Street Mural Program
Street murals can help calm traffic by adding visual interest to a neighborhood street or intersection. Often, residents come together with an idea to paint a mural or design on the roadway to promote a sense of community pride, belonging, and fun in the neighborhood.
The City of Vancouver has developed a streamlined process for implementing street murals in residential areas. If you have more questions or an idea for a street mural, please send us an email at email@example.com.
Street Mural Process
- Get your neighborhood association involved. Share your idea with them and get their support. Learn what neighborhood you’re in, and connect with Vancouver’s Office of Neighborhoods to contact your Neighborhood Association Officers.
- Reach out to your neighbors at the intersection where you’d like to paint a mural. The City requires that property owners who are directly adjacent to the intersection or location of the street mural provide written approval in support of the project. This can be done through a petition, letter or email to City staff at firstname.lastname@example.org. We have developed several forms to help you with the process; see bottom of this page.
- City staff will work with you to put together an action plan for your street mural project. There are some other forms and preparations you’ll need to pull together for your street painting event.
What You Need
- An insurance policy for event coverage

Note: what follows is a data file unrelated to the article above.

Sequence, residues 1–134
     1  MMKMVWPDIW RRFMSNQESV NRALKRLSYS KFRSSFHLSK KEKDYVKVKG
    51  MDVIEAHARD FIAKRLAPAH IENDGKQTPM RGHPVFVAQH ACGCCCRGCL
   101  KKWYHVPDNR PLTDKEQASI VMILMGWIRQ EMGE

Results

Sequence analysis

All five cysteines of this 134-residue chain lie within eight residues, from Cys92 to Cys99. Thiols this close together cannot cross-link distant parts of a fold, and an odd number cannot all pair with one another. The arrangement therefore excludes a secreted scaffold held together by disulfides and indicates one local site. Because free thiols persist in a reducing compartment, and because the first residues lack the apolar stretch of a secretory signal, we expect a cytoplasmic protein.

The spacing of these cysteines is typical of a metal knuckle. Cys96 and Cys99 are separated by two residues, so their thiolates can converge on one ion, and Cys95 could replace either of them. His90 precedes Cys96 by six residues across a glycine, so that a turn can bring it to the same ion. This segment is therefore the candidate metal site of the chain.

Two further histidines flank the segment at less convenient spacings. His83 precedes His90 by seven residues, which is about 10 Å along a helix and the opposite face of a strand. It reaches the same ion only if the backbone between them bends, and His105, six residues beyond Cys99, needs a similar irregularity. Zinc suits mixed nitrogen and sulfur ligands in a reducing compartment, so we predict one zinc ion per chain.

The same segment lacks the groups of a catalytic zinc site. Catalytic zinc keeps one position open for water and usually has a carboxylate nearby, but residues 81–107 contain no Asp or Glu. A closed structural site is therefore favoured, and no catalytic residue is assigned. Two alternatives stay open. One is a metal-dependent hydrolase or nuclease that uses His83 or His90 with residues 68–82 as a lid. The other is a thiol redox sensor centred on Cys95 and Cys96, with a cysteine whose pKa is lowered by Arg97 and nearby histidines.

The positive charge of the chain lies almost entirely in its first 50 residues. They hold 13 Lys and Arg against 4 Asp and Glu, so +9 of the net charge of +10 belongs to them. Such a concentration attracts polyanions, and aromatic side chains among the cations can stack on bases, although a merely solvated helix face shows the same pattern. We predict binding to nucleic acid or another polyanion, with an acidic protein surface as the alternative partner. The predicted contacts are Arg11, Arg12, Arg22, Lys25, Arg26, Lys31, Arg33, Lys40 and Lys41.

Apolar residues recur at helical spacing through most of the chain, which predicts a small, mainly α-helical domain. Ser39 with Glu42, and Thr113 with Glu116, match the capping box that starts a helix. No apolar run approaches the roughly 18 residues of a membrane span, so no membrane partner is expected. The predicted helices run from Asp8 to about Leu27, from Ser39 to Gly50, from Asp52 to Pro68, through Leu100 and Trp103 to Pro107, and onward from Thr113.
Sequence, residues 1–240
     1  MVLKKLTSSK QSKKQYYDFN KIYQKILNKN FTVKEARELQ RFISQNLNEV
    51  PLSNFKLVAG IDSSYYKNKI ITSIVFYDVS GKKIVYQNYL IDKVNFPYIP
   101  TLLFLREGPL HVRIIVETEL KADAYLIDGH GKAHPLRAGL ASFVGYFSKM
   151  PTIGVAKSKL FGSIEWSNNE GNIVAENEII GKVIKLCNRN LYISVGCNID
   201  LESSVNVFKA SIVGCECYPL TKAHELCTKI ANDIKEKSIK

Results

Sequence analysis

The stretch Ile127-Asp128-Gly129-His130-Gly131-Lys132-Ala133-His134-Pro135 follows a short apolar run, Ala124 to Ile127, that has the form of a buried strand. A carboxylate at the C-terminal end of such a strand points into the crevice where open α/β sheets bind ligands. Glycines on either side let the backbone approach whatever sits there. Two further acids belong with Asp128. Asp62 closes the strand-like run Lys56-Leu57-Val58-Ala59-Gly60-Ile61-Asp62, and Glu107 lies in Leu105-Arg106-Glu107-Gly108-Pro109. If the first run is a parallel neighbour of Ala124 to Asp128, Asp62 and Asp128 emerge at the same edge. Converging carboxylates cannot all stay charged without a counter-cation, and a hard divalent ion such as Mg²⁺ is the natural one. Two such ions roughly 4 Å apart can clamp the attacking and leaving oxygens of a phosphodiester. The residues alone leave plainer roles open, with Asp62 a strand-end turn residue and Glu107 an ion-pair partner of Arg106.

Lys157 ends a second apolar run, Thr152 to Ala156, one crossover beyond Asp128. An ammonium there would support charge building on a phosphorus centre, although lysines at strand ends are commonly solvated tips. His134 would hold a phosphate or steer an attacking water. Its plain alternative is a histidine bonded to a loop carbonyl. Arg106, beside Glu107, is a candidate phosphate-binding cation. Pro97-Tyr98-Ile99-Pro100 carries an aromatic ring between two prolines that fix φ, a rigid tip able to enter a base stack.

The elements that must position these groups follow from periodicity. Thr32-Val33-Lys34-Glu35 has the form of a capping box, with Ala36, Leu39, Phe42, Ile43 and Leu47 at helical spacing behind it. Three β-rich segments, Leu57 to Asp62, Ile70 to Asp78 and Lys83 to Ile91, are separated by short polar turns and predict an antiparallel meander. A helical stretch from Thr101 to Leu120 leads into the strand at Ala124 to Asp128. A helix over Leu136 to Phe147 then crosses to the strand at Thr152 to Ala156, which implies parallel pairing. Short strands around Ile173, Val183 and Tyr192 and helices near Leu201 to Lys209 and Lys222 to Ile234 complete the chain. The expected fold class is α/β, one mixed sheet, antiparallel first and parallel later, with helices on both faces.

- Certified flaggers for any traffic control
- Street use permit application (PDF)
- Right of way art display agreement (PDF)
- Traffic control plan application (PDF)
- Block party hold harmless agreement (PDF)
As you think about what design you would like to choose, here are a couple thing to keep in mind:
- Any words that refer to traffic control such as “Slow” “Yield” or “Stop” cannot be included in a street mural.
- Words that refer to your neighborhood, school, or community may be used.
- Street murals will be seen by drivers, pedestrians, cyclists, and other road users passing through and small details may not be noticeable.
- A simpler design will take less time to paint and will be easier to maintain in the future. Future maintenance will be needed to keep your mural looking fresh and maximize traffic calming benefits.
- Only certain kinds of paint can be used for street painting, and color options may be limited.
Street murals can be a relatively low-cost enhancement to a residential street. Often, neighborhood associations use their own funds, but there are also grant opportunities for street mural projects. The Watershed Alliance of Southwest Washington offers up to $2,000 for community projects in the City of Vancouver through their Neighborhood Sustainability Grant program. National organizations like America Walks and The League of American Bicyclists offer community grants too.
Street Murals in the City of Vancouver
- East 22nd Street and D Street (Arnada)
- East 31st and F Street (Shumway)
- South Garrison and Morrison (Vancouver Heights)
- Omaha Way, between Wichita Drive and Missouri Drive (Vancouver Heights)
- Northeast 124th Avenue and Northeast 2nd Street (Fircrest)
- East 33rd Street and R Street (Rose Village)
- East 33rd Street and K Street (Rose Village)
- East 33rd Street and Y Street (Rose Village)
- NE 57th Avenue, north of Fourth Plain Boulevard (Bagley Downs)